5 thoughts on “We Are Iran

  1. Dear Orkid, I was one of the Iranians journalist /bloggers featured in this book. Nasrin got in touch with me in 2003 to get my permission to translate some of my pieces. Looking back at my mailbox we exchanged 17 emails about 2 posts she finally quoted from my weblog. I as newly graduate of English in Iran at the time considered myself a bit of linguist and was doubtful of her translations.

    The next I heard of this book was 2005 in a BBC Persian website review by a writer I have not heard of be

  2. this is a really good book to get a bit of perspective on what’s going on in iran right now. it’s from the early 2000’s but it give a good overview of the current youth culture in iran. and since 70% of the country is under the age of 30, that’s a lot of iran. it’s mostly blog entries, but she writes very smart and un-preachy intro’s to each chapter that give an historical background to what people are talking about.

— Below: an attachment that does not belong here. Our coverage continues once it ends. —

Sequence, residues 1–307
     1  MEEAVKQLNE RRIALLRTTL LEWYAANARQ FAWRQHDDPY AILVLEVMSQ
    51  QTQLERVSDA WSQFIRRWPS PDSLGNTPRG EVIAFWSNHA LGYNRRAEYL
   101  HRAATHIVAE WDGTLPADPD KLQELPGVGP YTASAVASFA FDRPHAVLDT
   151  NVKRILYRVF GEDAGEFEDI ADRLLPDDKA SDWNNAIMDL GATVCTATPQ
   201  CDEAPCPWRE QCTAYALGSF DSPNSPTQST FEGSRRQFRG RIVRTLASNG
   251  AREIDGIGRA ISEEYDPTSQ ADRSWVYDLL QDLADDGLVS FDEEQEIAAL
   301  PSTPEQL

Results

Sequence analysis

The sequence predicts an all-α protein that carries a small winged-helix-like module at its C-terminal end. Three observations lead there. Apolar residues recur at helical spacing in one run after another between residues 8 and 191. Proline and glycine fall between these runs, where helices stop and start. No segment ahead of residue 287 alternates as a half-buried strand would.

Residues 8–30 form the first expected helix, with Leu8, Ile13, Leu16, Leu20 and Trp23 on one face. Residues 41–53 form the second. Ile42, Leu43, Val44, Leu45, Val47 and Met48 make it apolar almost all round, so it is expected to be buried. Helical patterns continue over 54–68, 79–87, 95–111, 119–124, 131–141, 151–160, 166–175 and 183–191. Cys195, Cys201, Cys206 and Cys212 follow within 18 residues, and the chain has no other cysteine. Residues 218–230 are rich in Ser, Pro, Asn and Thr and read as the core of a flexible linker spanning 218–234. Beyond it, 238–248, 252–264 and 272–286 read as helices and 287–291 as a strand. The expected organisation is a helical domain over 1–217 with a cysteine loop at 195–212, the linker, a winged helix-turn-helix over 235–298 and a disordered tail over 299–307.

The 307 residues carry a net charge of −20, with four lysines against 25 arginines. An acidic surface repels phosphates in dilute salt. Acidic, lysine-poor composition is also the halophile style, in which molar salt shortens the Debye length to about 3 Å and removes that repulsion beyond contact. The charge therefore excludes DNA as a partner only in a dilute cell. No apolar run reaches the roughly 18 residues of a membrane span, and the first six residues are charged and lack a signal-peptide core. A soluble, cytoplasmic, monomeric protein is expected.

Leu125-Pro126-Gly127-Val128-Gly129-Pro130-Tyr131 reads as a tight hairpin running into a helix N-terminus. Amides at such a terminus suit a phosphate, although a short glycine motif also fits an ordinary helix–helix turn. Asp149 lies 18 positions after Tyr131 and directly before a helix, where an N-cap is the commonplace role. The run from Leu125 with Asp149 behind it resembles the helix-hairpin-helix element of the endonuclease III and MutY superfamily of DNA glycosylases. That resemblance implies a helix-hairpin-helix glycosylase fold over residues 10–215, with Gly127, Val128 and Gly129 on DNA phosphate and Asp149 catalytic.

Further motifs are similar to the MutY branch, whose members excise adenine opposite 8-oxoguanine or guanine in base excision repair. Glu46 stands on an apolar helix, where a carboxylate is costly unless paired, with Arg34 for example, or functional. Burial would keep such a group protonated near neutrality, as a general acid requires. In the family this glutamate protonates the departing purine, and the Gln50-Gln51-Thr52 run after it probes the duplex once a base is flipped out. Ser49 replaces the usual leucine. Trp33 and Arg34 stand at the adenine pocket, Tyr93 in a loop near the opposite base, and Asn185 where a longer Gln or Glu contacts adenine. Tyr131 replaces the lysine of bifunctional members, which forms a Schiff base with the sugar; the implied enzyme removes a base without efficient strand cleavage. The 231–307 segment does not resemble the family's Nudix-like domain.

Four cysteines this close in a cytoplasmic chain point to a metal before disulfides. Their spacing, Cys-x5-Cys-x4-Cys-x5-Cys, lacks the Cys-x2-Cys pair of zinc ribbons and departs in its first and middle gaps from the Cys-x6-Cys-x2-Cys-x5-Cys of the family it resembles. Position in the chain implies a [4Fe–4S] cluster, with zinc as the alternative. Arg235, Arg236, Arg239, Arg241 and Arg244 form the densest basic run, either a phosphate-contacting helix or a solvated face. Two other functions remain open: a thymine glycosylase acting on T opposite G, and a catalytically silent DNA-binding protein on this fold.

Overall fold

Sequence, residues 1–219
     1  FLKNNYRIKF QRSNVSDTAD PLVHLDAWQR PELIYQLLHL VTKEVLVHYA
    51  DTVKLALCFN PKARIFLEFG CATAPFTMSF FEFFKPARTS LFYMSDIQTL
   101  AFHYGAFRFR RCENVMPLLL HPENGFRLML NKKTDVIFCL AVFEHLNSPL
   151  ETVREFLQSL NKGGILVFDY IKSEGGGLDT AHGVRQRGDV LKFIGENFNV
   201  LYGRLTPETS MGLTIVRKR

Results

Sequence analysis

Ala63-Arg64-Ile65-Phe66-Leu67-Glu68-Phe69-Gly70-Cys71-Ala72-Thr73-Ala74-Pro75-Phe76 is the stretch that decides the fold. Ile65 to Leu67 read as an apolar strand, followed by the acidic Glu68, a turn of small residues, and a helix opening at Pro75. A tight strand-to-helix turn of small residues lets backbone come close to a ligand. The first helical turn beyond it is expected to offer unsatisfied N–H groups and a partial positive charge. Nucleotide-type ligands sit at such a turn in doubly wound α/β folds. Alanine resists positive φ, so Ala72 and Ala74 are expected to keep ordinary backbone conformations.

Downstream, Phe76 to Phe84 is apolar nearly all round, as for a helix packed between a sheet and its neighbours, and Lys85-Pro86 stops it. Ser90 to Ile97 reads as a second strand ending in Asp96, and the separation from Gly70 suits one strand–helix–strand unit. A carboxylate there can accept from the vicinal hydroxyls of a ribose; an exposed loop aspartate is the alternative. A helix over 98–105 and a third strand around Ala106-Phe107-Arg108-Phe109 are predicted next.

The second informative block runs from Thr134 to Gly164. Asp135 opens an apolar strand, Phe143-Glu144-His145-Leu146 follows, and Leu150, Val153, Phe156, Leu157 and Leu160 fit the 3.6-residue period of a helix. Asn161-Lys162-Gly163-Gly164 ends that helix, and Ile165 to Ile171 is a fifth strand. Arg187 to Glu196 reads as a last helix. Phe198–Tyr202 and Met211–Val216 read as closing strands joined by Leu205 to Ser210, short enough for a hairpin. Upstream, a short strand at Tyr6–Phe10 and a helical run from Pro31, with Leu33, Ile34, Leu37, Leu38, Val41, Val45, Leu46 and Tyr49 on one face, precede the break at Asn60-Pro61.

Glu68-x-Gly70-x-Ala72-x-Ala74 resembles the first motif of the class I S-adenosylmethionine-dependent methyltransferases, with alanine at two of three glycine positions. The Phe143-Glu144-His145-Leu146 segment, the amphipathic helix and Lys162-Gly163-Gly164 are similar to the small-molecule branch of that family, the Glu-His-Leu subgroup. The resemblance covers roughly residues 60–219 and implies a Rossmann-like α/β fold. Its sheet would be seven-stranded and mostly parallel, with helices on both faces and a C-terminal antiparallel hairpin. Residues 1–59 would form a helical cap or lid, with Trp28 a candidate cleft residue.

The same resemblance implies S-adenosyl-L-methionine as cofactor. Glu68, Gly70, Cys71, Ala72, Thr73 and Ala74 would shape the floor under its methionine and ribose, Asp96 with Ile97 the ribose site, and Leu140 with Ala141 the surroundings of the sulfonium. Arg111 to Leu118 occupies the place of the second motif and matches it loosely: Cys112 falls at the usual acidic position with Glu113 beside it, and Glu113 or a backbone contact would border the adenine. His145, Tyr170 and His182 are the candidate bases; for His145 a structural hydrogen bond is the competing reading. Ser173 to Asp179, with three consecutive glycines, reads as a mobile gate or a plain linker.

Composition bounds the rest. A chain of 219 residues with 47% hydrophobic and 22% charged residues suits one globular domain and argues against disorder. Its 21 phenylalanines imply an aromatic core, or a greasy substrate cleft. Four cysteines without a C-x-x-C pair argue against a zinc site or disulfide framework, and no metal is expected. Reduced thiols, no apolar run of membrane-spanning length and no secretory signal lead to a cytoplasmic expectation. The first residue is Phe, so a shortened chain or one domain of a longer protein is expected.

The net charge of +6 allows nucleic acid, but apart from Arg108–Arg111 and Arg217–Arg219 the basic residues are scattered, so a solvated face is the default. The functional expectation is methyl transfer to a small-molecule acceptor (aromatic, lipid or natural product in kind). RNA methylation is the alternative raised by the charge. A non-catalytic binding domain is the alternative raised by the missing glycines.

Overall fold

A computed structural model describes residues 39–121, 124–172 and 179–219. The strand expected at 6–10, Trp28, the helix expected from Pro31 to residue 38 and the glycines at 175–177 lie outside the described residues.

3. In September 2001, a young Iranian journalist named Hossein Derakhshan, created one of the very first weblogs in his native language of Farsi. In response to a request from a reader, he created a simple how-to-blog guide in Farsi. With the modest aim of giving other Iranians a voice, he wound up unleashing a torrent of opinion, the likes of which had never before been seen in the Islamic world.
    There are now 64,000 blogs in Farsi, and Nasrin Alavi has been painstakingly reviewing them all. In so

  4. Presents a great view into both the intensity of censorship in the IRI, and the voices of the people through the blog medium. There’s some fantastic selections in here. It also gives a decent run down of the history/current political climate. Slightly repetitive, but distinct and a fantastic addition to the literature on post-revolutionary Iran.

Leave a Reply